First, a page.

They are two totally different things. "Hill climbing" is just another name for "gradient descent" (whichever version you prefer depends on what you consider to be up or down.) The main problem that hill climbing solves is non-linear optimization, and it does this by using local information about the function to walk toward a minimum. In this sense, it is not an algorithm but really a heuristic method (unless you are content with simply finding local extrema).

Greedy algorithms on the other hand are real bona fide algorithms -- they do not make any approximations and always give you exactly the right answer globally (at least in the situations where they can be applied). In a technical sense, one usually says that an algorithm is greedy if internally it makes use of an algebraic structure called a "matroid". Matroids are just a fancy way of dealing with sequences of choices, where at each step the decision you make can be considered independent of all your other choices.

The classic example of a greedy problem is finding the minimum spanning tree of a graph. It turns out that the order in which you add edges to a minimum spanning tree does not matter, so long as the edges you pick don't create a cycle. Another way to say this is that if you have any two trees on a graph, and one is larger than the other, then it is always possible to take an edge from the larger tree and stick it in the smaller one such that the resulting subgraph is still a tree! This is the basis for Kruskal's algorithm, which can be considered one of the prototypes of a greedy algorithm.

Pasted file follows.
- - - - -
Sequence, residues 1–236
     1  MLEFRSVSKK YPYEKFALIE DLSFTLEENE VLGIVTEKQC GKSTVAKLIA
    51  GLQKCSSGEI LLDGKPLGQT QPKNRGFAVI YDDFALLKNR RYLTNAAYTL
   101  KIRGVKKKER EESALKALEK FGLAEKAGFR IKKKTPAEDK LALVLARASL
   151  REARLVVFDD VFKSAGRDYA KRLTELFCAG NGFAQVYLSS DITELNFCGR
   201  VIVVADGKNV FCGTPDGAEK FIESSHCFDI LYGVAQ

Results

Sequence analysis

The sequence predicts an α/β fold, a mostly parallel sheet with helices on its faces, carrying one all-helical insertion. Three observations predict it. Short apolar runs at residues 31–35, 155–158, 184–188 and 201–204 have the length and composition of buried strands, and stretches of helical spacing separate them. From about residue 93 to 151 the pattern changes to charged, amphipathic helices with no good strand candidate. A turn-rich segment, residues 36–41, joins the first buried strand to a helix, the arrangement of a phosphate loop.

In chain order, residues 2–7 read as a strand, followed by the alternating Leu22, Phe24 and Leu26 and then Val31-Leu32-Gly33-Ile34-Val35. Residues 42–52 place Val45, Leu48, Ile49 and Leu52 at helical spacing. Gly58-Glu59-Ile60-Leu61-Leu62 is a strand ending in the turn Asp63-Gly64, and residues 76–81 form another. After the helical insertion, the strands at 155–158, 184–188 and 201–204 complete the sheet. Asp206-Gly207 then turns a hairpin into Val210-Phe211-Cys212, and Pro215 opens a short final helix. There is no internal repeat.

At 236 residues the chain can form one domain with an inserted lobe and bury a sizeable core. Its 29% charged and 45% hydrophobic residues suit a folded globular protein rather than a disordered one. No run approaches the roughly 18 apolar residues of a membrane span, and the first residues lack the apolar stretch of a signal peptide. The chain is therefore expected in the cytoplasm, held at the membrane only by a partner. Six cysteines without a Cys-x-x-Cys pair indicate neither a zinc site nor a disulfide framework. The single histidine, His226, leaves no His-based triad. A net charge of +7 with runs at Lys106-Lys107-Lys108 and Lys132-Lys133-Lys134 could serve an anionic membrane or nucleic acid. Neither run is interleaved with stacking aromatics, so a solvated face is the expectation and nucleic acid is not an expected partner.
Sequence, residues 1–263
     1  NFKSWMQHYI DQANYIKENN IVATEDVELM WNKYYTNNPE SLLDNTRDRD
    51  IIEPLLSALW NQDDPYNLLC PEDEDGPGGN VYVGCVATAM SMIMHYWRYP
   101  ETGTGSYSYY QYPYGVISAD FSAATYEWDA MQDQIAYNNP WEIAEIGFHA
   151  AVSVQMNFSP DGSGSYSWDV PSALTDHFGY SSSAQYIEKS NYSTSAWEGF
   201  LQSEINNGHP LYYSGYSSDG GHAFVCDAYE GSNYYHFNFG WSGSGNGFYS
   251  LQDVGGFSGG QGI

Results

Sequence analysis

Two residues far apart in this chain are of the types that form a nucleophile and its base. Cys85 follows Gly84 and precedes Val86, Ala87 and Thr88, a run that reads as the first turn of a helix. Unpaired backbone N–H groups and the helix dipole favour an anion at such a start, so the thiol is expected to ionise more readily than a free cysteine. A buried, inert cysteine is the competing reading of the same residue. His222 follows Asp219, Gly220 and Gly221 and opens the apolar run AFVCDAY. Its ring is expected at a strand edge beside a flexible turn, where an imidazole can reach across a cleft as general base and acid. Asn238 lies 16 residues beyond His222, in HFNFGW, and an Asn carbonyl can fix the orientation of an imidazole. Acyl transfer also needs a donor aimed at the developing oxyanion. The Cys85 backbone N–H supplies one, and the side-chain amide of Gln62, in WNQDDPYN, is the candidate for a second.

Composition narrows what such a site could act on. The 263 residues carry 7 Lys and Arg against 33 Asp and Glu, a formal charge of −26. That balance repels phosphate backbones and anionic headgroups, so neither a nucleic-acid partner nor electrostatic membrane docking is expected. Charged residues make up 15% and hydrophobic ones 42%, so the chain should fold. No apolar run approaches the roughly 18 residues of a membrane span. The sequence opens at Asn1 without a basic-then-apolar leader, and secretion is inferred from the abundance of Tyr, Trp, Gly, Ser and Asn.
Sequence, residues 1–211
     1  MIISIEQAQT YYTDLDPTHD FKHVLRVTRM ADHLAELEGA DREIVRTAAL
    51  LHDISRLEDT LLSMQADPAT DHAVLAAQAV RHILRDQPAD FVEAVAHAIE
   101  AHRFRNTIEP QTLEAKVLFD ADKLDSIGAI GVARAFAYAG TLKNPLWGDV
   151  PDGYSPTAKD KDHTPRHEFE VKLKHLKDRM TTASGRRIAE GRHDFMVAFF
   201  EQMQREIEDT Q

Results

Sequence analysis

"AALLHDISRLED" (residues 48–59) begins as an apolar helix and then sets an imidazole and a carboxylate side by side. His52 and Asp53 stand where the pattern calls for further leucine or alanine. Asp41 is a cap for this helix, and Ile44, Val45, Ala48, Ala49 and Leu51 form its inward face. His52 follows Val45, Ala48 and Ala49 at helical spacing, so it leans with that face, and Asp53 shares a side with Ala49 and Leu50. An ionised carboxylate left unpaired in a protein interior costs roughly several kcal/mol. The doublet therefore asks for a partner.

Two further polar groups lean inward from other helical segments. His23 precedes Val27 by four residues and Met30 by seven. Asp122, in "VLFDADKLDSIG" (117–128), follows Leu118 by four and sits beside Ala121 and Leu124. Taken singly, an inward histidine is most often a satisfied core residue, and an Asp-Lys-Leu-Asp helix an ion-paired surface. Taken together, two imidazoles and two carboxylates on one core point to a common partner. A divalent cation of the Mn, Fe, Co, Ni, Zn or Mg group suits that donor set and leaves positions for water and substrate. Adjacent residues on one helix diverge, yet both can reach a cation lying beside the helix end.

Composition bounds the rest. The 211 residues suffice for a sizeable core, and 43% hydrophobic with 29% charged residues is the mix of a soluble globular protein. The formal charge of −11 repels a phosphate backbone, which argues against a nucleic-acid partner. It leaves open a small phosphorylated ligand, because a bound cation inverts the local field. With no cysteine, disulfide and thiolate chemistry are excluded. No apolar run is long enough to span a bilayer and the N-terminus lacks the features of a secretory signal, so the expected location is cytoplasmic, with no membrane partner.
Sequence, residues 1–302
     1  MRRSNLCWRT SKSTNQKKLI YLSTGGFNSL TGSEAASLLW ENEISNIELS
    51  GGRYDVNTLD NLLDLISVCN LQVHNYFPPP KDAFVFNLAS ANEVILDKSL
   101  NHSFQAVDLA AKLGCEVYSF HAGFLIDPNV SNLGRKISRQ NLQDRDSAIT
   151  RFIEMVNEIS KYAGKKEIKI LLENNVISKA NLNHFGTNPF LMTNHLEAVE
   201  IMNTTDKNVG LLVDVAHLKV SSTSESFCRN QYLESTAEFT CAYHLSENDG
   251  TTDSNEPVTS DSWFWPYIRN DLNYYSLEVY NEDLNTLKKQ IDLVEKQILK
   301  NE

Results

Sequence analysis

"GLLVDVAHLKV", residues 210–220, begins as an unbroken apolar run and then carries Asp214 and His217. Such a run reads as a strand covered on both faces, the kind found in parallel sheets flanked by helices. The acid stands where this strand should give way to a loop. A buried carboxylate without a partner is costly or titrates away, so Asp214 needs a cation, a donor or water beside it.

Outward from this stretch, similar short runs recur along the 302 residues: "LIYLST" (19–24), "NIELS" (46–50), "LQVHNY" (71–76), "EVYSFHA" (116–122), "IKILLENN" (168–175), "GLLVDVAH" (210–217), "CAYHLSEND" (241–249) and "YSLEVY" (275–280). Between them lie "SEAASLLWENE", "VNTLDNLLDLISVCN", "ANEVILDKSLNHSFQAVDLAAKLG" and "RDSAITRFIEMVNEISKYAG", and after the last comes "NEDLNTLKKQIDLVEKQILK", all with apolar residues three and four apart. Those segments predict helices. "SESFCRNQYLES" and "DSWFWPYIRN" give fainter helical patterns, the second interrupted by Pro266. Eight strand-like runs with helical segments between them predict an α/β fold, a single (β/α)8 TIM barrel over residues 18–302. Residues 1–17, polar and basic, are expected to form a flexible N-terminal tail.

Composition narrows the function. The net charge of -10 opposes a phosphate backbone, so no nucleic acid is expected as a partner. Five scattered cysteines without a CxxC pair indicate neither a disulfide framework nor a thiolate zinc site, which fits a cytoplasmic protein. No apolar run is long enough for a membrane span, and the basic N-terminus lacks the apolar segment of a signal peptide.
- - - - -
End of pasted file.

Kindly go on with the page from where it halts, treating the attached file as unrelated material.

One can also talk about "greedy approximations" of NP-hard problems. This usually proceeds by replacing the NP-hard problem with a similar problem that has a greedy solution. If you do this right, one then usually hopes to show that the solution to the greedy problem always gives a reasonably good approximate solution to the original NP-hard problem (typically measured in some metric sense). A classic example of this is the 2-approximation of vertex cover by maximum matching. Vertex cover by itself is NP-hard, but taking a maximal matching (which is a greedy problem) automatically gives an approximation of the vertex cover problem that is optimal to within a factor of 2 vertices!

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Yes you are correct. Hill climbing is a general mathematical optimization technique (see: http://en.wikipedia.org/wiki/Hill_climbing). A greedy algorithm is any algorithm that simply picks the best choice it sees at the time and takes it.

An example of this is making change while minimizing the number of coins (at least with USD). You take the most of the highest denomination of coin, then the most of the next highest, until you reach the amount needed.

In this way, hill climbing is a greedy algorithm.